Category Archives: Reading Hurts My Brain

Books and stories and so forth; out of my library into your consciousness.

15 Authors of Influence

Two of my friends have prodded me with this one, so I have given in to the pressure.  I hope you find benefit in my list.  Ask me in ten years and the list may change.  Who can say?

  1. E E Cummings (if ever there were a god made flesh…)
  2. Hemmingway (especially Old Man and the Sea)
  3. Henry Miller (especially Sexus)
  4. Gertrude Stein (especially The Autobiography of Alice B Toklas)
  5. Benjamin Franklin (the word autobiography was coined to explain what he’d written)
  6. Walter Kaufmann (premier Nietzscheian scholar and his Critique of Religion and Philosophy is amazing)
  7. Anaïs Nin (especially the five novels in her so-called continuous novel)
  8. Harlan Ellison
  9. Erich Fromm (ostensibly a psychologist; you can start with You Shall Be as Gods)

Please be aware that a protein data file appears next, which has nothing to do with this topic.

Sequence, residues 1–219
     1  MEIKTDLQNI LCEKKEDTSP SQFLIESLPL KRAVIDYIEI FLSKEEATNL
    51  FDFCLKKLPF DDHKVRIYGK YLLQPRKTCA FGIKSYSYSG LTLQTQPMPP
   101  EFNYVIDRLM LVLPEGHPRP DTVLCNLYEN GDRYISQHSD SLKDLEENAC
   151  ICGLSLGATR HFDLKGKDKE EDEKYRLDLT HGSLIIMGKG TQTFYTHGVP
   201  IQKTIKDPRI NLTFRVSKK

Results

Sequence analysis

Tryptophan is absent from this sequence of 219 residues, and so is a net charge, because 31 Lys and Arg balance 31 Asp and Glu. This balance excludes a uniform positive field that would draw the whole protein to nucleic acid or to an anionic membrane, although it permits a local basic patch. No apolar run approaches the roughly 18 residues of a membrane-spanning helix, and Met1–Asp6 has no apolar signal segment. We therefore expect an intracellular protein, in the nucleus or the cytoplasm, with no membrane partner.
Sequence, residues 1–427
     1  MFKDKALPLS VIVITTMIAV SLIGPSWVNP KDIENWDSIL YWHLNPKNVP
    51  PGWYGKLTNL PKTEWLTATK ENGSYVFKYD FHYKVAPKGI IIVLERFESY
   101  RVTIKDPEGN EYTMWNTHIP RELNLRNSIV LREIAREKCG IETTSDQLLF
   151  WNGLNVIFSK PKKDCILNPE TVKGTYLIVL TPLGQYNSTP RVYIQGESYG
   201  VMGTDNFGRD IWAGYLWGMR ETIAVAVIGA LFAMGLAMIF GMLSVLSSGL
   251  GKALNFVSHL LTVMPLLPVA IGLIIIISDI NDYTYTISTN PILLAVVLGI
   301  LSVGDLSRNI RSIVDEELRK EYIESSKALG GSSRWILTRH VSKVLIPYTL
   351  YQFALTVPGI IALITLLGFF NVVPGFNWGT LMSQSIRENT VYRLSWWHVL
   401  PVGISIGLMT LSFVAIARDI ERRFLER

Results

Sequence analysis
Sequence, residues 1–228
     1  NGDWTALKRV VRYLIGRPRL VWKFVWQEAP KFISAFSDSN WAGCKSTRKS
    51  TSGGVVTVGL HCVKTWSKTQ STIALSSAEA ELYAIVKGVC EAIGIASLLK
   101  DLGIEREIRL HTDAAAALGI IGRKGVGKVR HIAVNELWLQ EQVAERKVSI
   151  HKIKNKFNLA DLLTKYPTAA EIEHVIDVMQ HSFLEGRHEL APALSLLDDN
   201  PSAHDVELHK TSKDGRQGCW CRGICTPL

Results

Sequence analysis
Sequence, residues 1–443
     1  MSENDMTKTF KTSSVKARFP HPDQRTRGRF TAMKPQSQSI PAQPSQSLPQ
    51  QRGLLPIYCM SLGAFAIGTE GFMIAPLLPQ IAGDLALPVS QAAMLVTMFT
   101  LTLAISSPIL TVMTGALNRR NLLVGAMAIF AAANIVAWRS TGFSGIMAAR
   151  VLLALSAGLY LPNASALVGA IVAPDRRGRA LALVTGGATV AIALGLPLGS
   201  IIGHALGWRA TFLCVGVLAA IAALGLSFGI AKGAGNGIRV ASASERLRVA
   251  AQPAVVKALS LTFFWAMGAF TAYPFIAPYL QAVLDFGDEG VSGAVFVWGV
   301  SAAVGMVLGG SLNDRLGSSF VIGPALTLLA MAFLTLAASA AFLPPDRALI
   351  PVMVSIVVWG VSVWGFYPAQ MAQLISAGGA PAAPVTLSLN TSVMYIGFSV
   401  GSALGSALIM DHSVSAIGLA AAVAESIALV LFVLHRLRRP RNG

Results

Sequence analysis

10. Charles Bukowski
  11. Edna St Vincent Millay (especially her poem Renascence)
  12. Jean Baudrillard (French phenomenological philosopher)
  13. Donald Barthelme (excellent short story writer)
  14. Woody Allen (he has written many short stories as well as all those screenplays and stage plays)
  15. Stan Lee (nuff said)

Consilience by Edward O Wilson

A good read but probably narrowly of interest to those who read in the area of the history and philosophy of science.  Regardless it would be an important read outside of that sphere.

This quote is taken from page 241 in my copy.

On religion I lean toward deism but consider its proof largely a problem in astrophysics.  The existence of a cosmological God who created the universe (as envisioned by deism) is possible, and may eventually be settled, perhaps by forms of material evidence not yet imagined.  Or the matter may be forever beyond human reach.  In contrast, and of far greater importance to humanity, the existence of a biological God, one who directs organic evolution and intervenes in human affairs (as envisioned by theism) is increasingly contravened by biology and the brain sciences.

Here are some literary archetypes he lists out from page 223 and 224.

In the beginning, the people are crated by gods, or the mating of giants, or the clash of titans; in any case, they begin as special beings at the center of the world.

The tribe emigrates to a promised land (or Arcadia, or the Secret Valley, or the New World).